Your essential engineering timeline 2017
We've put together an engineering careers action plan for both non-finalists and finalists to help you organise your search for engineering jobs and internships. This is just an overview, so remember to consult the employer hubs for the specific deadlines of the employers you're interested in.
What to do in autumn
- Apply for summer internships or placement years for 2017. Some employers won’t take students until their penultimate year, but that’s not the case across the board. Application deadlines can be before Christmas and many recruiters will not wait till the closing date to start filling places.
- Take steps towards actively helping to run a university club or society. You will develop valuable transferable skills.
- Apply for graduate jobs and schemes. Engineering employers may run assessment centres as early as November. Some have application deadlines before Christmas, while others fill many of their graduate schemes by then, regardless of the stated closing date.
- If you want to pursue postgraduate study, applying in the autumn term is ideal. Popular courses fill up quickly and for some universities you need to accept a place before you can apply for funding. Funding deadlines vary widely and it’s financially inadvisable to miss them.
What to do in winter
- Apply for any remaining internships or placement years.
- No luck finding an internship? Investigate other options for the summer vacation. Top of your list should be engineering-related experience such as work shadowing at a local engineering firm or volunteering on a construction project in the developing world. However, any role will help you develop transferable skills.
- Keep applying for graduate schemes. Some will accept applications into the new year.
- Make any remaining applications for postgraduate study or funding.
- Be prepared for interviews and internships. Ensure you factor in time for assessment centres and interviews alongside your university work. Have a respectable interview outfit at the ready.
What to do in spring
- Got any choice as to your modules or projects for the next academic year? If so, find out which options would tie in best with the work of employers who interest you. You can always phone the company's recruitment team if this information isn't provided on its website.
- If you want a trip abroad this summer, consider organising some independent travel, rather than a package holiday. It's likely to develop your planning and problem-solving skills, which employers will like, and is more likely to provide job-interview-appropriate experiences than a trip to Magaluf.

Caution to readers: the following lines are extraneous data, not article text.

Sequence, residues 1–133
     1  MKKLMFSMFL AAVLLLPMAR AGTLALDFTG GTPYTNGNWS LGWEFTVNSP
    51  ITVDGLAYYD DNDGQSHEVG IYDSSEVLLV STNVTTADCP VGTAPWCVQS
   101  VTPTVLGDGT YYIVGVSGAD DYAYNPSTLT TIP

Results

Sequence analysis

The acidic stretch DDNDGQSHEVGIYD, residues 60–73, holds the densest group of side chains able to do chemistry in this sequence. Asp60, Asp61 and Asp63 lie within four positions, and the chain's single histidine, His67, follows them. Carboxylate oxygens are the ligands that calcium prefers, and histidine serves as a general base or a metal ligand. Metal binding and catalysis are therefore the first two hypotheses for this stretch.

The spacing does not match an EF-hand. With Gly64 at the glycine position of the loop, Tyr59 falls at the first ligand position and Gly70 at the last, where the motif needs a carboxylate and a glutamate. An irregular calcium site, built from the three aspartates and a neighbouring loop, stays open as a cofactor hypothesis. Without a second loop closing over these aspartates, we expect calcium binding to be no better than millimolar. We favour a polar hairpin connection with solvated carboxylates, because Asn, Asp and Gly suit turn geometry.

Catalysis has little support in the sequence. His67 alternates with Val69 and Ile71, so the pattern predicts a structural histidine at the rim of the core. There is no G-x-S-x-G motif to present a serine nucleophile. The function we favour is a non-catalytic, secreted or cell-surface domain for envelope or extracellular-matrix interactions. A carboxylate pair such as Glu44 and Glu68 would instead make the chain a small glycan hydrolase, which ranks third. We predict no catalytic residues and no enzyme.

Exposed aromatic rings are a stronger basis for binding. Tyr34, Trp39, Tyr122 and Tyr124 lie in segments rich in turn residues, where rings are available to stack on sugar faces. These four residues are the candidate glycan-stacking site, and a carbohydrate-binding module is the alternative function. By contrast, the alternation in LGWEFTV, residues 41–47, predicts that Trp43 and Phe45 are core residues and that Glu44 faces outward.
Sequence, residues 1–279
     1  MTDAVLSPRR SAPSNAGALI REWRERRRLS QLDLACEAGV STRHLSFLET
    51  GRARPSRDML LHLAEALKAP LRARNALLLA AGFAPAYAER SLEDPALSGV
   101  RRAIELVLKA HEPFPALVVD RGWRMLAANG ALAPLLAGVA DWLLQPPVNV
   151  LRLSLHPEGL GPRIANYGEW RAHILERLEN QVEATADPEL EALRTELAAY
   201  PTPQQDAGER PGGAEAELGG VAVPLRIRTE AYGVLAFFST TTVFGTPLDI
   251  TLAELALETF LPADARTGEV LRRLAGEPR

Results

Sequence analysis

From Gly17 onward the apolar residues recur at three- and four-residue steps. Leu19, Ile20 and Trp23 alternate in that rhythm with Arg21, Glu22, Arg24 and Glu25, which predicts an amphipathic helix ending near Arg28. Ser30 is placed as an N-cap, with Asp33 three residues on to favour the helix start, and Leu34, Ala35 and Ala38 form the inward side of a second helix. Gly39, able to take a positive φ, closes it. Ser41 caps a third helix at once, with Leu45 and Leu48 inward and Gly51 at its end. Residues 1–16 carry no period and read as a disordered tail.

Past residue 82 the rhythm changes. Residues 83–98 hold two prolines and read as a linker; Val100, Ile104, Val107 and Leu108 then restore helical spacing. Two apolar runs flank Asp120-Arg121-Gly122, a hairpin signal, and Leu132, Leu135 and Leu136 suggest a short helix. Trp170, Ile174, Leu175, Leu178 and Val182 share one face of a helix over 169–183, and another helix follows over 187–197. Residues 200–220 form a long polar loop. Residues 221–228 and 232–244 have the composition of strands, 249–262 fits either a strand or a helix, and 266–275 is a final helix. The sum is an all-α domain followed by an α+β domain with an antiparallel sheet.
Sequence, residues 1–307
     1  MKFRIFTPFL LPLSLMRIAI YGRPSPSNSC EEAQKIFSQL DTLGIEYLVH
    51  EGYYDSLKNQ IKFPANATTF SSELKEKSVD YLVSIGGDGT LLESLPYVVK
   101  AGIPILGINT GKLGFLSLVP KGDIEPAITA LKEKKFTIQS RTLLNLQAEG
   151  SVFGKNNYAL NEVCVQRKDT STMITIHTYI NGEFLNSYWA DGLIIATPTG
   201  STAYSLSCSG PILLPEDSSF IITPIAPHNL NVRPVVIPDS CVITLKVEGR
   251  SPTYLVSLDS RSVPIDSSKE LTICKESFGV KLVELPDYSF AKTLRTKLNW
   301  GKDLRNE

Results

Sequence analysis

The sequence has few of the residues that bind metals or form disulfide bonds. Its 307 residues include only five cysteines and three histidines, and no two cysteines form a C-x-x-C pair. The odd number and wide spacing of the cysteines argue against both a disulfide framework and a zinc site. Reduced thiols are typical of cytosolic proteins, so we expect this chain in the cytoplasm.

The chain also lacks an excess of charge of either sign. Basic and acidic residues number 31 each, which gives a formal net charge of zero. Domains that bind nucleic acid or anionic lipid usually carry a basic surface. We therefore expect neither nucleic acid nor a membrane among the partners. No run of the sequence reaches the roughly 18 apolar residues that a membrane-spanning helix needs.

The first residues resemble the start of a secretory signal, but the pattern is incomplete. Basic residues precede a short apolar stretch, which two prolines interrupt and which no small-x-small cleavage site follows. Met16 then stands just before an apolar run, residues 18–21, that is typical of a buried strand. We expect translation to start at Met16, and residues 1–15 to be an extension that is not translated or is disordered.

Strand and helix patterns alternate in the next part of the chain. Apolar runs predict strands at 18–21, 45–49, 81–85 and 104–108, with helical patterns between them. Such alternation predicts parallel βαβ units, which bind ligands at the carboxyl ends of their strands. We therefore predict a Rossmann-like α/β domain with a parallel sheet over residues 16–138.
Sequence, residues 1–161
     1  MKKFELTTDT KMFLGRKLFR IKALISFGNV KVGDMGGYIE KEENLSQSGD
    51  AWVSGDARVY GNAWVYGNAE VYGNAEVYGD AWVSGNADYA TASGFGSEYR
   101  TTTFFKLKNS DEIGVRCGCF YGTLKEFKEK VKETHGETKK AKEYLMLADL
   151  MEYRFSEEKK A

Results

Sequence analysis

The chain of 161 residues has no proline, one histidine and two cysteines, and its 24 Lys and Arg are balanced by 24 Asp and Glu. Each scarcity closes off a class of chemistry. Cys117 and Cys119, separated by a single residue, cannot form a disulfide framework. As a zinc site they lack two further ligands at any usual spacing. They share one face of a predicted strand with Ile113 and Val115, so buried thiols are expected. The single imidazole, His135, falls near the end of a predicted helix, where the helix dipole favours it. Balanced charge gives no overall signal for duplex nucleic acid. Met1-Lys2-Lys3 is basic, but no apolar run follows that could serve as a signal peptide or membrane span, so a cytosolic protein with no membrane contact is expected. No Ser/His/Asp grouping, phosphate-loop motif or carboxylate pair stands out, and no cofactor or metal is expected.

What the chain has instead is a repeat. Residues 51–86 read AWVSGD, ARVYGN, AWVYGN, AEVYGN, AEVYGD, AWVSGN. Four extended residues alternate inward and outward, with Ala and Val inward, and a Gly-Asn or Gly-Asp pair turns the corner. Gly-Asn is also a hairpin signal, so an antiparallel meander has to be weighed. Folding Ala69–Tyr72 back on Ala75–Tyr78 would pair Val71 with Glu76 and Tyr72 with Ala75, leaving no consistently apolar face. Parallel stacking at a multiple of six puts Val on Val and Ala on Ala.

- Knuckle down to your studies in preparation for your exams – with a 2.1 you will be eligible to apply for many more jobs than with a 2.2.
- If you have some free time, keep your eyes peeled for any schemes that haven't closed yet or may reopen. Make a note in your diary ready to apply once your exams are over.
- Remember that it's not essential to have a job lined up for September. Some employers, particularly smaller ones, advertise vacancies all year round. See our advice for the summer for more options.
What to do in summer
- Doing an internship, job or voluntary role? Keep a record of what you do, who you work with, any improvements you make and any challenges you help overcome. This will help with applications and interviews later on.
- If you can't find any job, consider initiating your own engineering project for the summer – could you design and build a vehicle, app, website, handy energy-saving household device...?
- Research which engineering companies interest you for internships or graduate jobs so you are ready to apply in the autumn.
- Look out for immediate vacancies with small employers who don't run graduate schemes.
- Find graduate internships via STEP – many employers who use this scheme like to offer good interns permanent jobs.
- See if you can find the odd graduate scheme place still available for the autumn with companies who have struggled to recruit or who have had graduates drop out at the last minute.
- Got a job? Give yourself a decent break but make sure you're prepared for work so as to make a good impression from day one.